According to data revealed by Flight Centre Business Travel (FCBT), the fastest growing international business destinations for South African travellers in 2018 were London, Lagos and Mauritius.
London saw a spectacular year-on-year growth of 47%, while Lagos and Mauritius reported year-on-year increases in numbers of respectively 35% and 34%. In fourth and fifth place are Harare and Dubai: traffic to Harare from South Africa increased by 24% and flights to Dubai were up 17%.
“Year after year, the city of London remains at the top of South African lists for both business and leisure travellers,” says Andrew Grunewald, FCBT Team Leader. “2018 was no different despite the threat of Brexit.”
“The city of London itself is also enjoying rapid growth with independent studies continually ranking it above rivals such as New York and Hong Kong,” adds Grunewald. “It is one of the world’s leading finance centres and offers a huge variety of business venues and conference centres.”
With more and more South African companies seeking to exploit opportunities north of our borders, it is not surprising to see Lagos place as the second fastest growing business destination for South African travellers, according to Grunewald.
“This African city is the main financial, economic and commercial centre of the Nigeria,” he says. “Lagos accounts for over 60% of industrial and commercial activities in the nation and is a financially viable city.”
The fact that Mauritius with its attractive tax regime and stable economy is the third fastest growing business destination comes hardly as a surprise, Grunewald says. The country ranked as the highest economy in Sub-Saharan Africa on the World Bank’s ‘Ease of Doing Business’ Index and the country’s banks have become beacons of growth and stability in sub-Saharan Africa.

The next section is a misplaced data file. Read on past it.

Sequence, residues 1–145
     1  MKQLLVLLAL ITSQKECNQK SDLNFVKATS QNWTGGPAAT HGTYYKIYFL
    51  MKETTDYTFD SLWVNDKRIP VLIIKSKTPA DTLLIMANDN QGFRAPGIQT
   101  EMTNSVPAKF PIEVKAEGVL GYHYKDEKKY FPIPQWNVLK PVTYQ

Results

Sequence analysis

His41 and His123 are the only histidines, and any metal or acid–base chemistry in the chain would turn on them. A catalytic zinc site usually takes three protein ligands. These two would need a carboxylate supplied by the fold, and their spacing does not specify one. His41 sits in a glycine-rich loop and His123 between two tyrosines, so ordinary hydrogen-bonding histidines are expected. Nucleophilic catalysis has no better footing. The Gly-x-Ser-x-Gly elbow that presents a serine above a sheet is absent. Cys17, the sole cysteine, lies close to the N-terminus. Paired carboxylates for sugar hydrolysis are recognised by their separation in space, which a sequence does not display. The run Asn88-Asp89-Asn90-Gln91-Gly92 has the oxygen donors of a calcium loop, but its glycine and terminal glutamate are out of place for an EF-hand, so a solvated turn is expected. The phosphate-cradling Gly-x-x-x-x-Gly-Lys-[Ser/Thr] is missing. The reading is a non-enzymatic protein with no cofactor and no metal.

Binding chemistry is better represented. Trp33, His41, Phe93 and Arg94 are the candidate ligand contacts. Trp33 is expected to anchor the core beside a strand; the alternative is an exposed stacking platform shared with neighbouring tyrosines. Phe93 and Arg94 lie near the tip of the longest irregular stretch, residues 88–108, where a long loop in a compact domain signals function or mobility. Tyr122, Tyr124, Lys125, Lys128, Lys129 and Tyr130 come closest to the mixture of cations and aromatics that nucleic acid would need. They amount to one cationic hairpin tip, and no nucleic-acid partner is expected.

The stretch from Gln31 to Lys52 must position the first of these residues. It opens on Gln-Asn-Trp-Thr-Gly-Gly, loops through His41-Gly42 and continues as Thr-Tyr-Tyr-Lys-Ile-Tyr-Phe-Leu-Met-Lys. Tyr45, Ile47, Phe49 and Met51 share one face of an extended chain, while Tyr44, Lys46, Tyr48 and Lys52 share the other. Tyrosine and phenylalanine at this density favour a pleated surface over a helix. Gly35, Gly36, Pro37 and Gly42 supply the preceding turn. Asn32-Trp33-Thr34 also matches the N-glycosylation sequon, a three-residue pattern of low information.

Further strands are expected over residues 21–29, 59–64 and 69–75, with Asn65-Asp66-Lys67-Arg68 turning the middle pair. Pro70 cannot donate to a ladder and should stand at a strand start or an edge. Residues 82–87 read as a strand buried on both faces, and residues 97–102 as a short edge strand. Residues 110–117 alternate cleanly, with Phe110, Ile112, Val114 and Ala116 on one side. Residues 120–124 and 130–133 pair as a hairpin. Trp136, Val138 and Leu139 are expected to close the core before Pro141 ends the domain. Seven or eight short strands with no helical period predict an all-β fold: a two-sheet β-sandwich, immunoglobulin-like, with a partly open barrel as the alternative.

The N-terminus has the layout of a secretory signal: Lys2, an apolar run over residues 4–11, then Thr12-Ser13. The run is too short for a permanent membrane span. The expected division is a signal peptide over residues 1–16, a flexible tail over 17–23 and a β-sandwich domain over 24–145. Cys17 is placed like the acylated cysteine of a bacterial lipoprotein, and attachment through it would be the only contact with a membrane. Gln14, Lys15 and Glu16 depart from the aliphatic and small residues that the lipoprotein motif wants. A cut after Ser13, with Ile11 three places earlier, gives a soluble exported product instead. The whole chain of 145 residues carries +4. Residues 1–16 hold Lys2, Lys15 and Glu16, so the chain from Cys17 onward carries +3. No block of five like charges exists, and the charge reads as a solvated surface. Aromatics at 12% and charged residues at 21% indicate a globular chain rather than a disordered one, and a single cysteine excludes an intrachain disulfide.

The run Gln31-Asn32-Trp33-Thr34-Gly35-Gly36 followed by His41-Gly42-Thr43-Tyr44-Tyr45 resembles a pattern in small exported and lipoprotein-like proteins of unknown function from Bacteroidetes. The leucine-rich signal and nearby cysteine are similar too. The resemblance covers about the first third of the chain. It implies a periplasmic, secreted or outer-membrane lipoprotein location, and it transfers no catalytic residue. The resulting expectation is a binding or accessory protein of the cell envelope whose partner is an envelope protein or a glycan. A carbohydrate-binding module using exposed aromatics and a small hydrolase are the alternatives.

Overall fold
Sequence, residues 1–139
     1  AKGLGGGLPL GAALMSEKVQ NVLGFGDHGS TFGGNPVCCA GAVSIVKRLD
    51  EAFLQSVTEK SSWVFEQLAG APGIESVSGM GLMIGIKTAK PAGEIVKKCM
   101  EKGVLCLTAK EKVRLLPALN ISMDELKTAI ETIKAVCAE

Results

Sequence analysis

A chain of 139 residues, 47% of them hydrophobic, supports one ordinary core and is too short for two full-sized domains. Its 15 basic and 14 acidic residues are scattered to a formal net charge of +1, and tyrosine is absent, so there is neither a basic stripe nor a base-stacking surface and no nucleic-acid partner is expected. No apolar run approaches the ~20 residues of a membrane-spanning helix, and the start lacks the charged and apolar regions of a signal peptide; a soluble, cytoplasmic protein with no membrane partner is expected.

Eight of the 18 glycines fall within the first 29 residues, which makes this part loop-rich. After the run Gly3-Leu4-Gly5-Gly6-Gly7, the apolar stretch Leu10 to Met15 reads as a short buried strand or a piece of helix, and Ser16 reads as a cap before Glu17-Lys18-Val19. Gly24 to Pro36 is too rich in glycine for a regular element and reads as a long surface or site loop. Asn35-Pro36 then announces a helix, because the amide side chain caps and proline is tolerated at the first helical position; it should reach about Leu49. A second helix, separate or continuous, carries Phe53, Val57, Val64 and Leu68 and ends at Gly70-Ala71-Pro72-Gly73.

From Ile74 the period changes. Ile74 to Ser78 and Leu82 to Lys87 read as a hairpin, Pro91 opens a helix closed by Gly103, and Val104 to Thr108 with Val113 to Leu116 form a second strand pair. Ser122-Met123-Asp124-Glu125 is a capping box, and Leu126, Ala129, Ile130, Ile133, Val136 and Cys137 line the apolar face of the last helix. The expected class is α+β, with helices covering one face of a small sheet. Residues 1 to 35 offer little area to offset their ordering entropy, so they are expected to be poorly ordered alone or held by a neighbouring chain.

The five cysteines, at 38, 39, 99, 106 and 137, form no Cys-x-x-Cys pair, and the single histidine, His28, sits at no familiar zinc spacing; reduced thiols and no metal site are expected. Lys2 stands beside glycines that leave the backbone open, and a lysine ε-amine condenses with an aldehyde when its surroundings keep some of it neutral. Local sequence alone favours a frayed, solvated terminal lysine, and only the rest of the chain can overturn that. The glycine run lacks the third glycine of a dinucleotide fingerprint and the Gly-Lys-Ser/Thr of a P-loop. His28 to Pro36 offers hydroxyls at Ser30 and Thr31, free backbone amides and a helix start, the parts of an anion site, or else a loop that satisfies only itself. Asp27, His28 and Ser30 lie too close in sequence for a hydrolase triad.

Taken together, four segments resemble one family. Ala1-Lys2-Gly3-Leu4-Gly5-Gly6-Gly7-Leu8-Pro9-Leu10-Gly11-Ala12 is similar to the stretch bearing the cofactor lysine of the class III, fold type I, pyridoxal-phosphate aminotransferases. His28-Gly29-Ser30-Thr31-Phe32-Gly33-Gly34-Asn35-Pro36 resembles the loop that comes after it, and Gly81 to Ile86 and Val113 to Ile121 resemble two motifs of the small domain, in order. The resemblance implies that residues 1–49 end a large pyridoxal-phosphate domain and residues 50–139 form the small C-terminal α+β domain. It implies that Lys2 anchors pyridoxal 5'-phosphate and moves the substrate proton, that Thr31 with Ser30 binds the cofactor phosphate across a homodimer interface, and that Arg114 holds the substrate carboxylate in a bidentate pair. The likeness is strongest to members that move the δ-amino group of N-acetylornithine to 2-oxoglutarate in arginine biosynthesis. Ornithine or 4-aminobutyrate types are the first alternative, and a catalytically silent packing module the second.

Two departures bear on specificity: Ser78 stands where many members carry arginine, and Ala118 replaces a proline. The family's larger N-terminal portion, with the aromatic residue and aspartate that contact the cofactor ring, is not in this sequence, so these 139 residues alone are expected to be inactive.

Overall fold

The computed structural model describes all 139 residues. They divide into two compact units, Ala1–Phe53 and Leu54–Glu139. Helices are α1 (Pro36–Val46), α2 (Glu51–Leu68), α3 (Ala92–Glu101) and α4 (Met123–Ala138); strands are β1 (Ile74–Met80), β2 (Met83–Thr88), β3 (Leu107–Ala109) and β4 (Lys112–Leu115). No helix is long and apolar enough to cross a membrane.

Harare places fourth for South African business travellers. Grunewald explains that the latest EY Africa Attractiveness report 2018 shows that Zimbabwe is the second most popular foreign investment destination in Southern Africa.
In fifth position, Dubai with its strategic position, has become a hub for international business. The city’s regular summits, conferences and expos bring together business leaders from around the globe.
Top 3 fastest growing South African airports
Within South Africa, FCBT reported that although Johannesburg, Cape Town and Durban continue to be the most popular air travel routes, the three fastest growing domestic airports in 2018 were in fact George (with a 70% growth year on year), followed by Kimberley (36%) and Lanseria (31%).
The phenomenal growth George experienced in 2018 as a business destination might come as a surprise, but this Garden Route town was in fact hailed as one of the Western Cape cities offering the highest quality of life, beating Cape Town.
“George has become increasingly popular as a business and investment destination thanks to its ideal location and low crime rate,” explains Grunewald.
The Northern Cape and Kimberley remain an important business destination thanks to its mining and agriculture sectors. The area is also growing as a result of its renewable energy initiatives with a great number of solar plants developed over the past few years.
Kimberley Airport and Upington International Airport were voted in 2019 as the best airports in Africa by size and region, in the under 2 million passengers category. The ASQ is the only international survey measuring passengers’ satisfaction while they are at the airport.
Lanseria is steadily gaining ground as the third fastest growing domestic airport. This growth is not likely to slow down as the airport has announced it is aiming to double its passenger numbers to more than 4 million within the next six years.
“With air travel growing at an impressive rate around the world, the popularity and growth of air routes is in constant flux. An experienced Travel Management Company like FCBT can help businesses stay abreast of the constantly changing business travel trends and give valuable insights on how to grow your travel programme and your business,” says Grunewald.